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  • November 23, 2014
  • 02:09 PM
  • 46 views

Love, it’s in your genes

by Gabriel in Lunatic Laboratories

Most kids worry about passing tests, winning games, lost phones, fractured bones—and whether or not they will ever really fall in love. While the first few things are of relatively low value in the scientific pursuit, three Chinese researchers have focused on that last question. All in a bid to find out some of the more interesting questions about our genes: Why do some students stay single? What factors determine if a young adult falls in love?... Read more »

  • November 22, 2014
  • 09:10 AM
  • 67 views

Science Identifies The Catchiest Songs Ever – Did Your Favorite Make The List?

by Bill Sullivan in The 'Scope

Using science, researchers are studying what makes songs catchy as a way to understand learning and memory. Did your favorite song make the list? ... Read more »

  • November 21, 2014
  • 04:54 PM
  • 53 views

The impact of powered prosthetic failures on the user

by Gabriel in Lunatic Laboratories

Prosthetics have come a long way in a relatively short amount of time. With the ongoing wars in the middle east the need for better prosthetics technologies has become more apparent, to this end we now have prosthetics that will allow a person to "feel", we even have motorized prosthetics that will help allow a more fluid walk, but while powered lower limb prosthetics hold promise for improving the mobility of amputees, errors in the technology may also cause some users to stumble or fall. Becau........ Read more »

  • November 21, 2014
  • 03:54 PM
  • 63 views

Is depression an infectious disease?

by neurosci in Neuroscientifically Challenged

Over the past several decades we have seen the advent of a number of new pharmaceutical drugs to treat depression, but major depressive disorder remains one of the most common mood disorders in the United States; over 15% of the population will suffer from major depressive disorder at some point in their lives. Despite extensive research into the etiology and treatment of depression, we haven't seen a mitigation of the impact depression has on our society. In fact, there have even been a lot of ........ Read more »

  • November 19, 2014
  • 02:24 PM
  • 72 views

How gut microbiota changes the blood-brain barrier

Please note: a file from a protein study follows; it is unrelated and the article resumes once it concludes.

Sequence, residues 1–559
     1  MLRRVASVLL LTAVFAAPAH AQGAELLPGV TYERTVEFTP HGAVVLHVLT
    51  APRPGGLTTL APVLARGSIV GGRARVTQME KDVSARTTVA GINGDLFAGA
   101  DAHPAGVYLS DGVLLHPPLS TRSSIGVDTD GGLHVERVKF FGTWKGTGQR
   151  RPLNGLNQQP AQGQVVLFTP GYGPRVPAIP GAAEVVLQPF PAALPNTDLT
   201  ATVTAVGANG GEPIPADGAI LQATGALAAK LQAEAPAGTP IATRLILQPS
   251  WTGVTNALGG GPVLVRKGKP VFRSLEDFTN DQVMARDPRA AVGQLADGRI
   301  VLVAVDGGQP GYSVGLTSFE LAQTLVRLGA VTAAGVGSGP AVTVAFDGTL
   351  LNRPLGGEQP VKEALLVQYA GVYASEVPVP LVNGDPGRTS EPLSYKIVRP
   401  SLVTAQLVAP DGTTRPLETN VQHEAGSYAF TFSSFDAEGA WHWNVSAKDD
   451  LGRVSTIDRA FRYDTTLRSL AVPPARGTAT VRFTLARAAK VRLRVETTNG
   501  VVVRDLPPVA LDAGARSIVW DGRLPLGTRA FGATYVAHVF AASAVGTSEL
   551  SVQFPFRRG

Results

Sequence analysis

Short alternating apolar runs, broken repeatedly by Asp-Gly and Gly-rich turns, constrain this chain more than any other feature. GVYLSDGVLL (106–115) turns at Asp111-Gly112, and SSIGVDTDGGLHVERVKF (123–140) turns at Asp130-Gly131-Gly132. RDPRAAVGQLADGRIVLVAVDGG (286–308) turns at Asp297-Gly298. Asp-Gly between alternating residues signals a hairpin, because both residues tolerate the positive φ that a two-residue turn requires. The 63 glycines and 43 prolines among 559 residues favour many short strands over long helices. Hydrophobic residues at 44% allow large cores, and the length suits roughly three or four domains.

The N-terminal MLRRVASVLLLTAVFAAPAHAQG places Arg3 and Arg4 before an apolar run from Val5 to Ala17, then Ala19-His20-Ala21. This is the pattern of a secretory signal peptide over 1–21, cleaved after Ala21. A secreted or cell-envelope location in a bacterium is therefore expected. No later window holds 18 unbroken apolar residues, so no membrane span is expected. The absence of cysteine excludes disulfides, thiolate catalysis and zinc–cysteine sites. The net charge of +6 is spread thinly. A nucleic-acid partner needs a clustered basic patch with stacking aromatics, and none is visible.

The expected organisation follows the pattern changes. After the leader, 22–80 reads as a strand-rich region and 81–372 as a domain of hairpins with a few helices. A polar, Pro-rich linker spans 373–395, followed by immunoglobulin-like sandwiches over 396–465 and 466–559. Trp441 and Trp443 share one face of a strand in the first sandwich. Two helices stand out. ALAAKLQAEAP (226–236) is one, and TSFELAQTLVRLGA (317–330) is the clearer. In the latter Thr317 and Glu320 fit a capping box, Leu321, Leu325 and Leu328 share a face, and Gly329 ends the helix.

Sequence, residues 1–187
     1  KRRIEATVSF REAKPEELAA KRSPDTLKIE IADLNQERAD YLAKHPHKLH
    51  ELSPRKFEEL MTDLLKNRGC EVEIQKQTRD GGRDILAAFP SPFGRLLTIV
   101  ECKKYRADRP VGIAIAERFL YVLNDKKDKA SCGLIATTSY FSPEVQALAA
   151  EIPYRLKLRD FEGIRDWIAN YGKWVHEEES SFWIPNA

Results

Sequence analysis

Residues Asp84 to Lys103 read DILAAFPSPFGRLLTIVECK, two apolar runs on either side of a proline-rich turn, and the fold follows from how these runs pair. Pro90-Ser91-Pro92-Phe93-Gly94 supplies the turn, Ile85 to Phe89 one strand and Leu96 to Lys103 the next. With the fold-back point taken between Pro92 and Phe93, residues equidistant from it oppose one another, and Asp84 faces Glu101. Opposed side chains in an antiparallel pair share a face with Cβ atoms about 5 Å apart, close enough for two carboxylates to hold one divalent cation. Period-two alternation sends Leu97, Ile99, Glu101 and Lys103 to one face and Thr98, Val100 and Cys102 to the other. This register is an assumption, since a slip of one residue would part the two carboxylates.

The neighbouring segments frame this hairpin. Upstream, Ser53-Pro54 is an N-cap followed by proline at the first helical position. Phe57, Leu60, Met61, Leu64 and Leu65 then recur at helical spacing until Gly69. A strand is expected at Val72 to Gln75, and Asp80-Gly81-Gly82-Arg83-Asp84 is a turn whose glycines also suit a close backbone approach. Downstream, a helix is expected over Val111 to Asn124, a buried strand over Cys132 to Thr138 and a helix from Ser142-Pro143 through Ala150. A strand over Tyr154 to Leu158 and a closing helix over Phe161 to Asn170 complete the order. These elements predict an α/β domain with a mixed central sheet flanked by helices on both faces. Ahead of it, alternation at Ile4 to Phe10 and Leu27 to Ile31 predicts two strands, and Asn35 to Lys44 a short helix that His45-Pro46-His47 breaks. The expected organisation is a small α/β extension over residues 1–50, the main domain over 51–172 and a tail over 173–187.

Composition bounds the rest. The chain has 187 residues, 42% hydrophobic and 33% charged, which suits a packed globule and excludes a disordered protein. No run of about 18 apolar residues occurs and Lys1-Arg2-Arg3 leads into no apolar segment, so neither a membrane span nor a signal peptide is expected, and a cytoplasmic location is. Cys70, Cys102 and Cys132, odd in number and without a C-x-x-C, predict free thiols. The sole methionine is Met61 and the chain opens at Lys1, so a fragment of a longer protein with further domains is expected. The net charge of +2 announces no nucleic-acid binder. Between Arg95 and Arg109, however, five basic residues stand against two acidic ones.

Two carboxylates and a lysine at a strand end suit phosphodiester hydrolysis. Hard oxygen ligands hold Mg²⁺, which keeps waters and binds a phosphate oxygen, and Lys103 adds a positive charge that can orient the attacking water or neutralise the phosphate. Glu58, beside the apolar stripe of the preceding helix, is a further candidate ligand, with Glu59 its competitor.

by Gabriel in Lunatic Laboratories

Don’t be alarmed, but we are outnumbered. When figuring out what makes us, “us” we need to remember that there are far more bacteria genes in us than human genes, by recent counts it’s something like 360 to 1. We also know that your stomach can change your cravings, but now we know that your stomach affects more than just your thoughts. Your stomach can control what can get to your brain.... Read more »

Viorica Braniste, Maha Al-Asmakh, Czeslawa Kowal, Farhana Anuar, Afrouz Abbaspour, Miklós Tóth, Agata Korecka, Nadja Bakocevic, Ng Lai Guan, Parag Kundu.... (2014) The gut microbiota influences blood-brain barrier permeability in mice. Science Translational Medicine. info:/10.1126/scitranslmed.3009759

  • November 18, 2014
  • 05:14 PM
  • 85 views

Does brain training really work?

by Gabriel in Lunatic Laboratories

Ever wonder if you could be the next Einstein if only you could do some brain training? Well as it turns out, while computer based ‘brain training’ can boost memory and thinking skills in older adults, many programs promoted by the $1 billion brain training industry are ineffective.... Read more »

  • November 18, 2014
  • 07:02 AM
  • 77 views

Feel like I-dosing? [Part 2]

by Henkjan Honing in Music Matters

"Digital drugs," otherwise known as binaural beats, have sparked an outcry in Lebanon, with the Justice Minister Ashraf Rifi calling Thursday for legal measures to be taken against the product...... Read more »

  • November 17, 2014
  • 03:33 PM
  • 68 views

The (Re)discovery of a major brain pathway

by Gabriel in Lunatic Laboratories

It was like something out of a mystery movie, a couple of years ago a scientist, looking at dozens of MRI scans of human brains noticed something surprising. A large, fiber pathway that seemed to be part of the network of connections that process visual information showed up on the scans, but the researcher couldn’t find it mentioned in any of the modern-day anatomy textbooks he had.... Read more »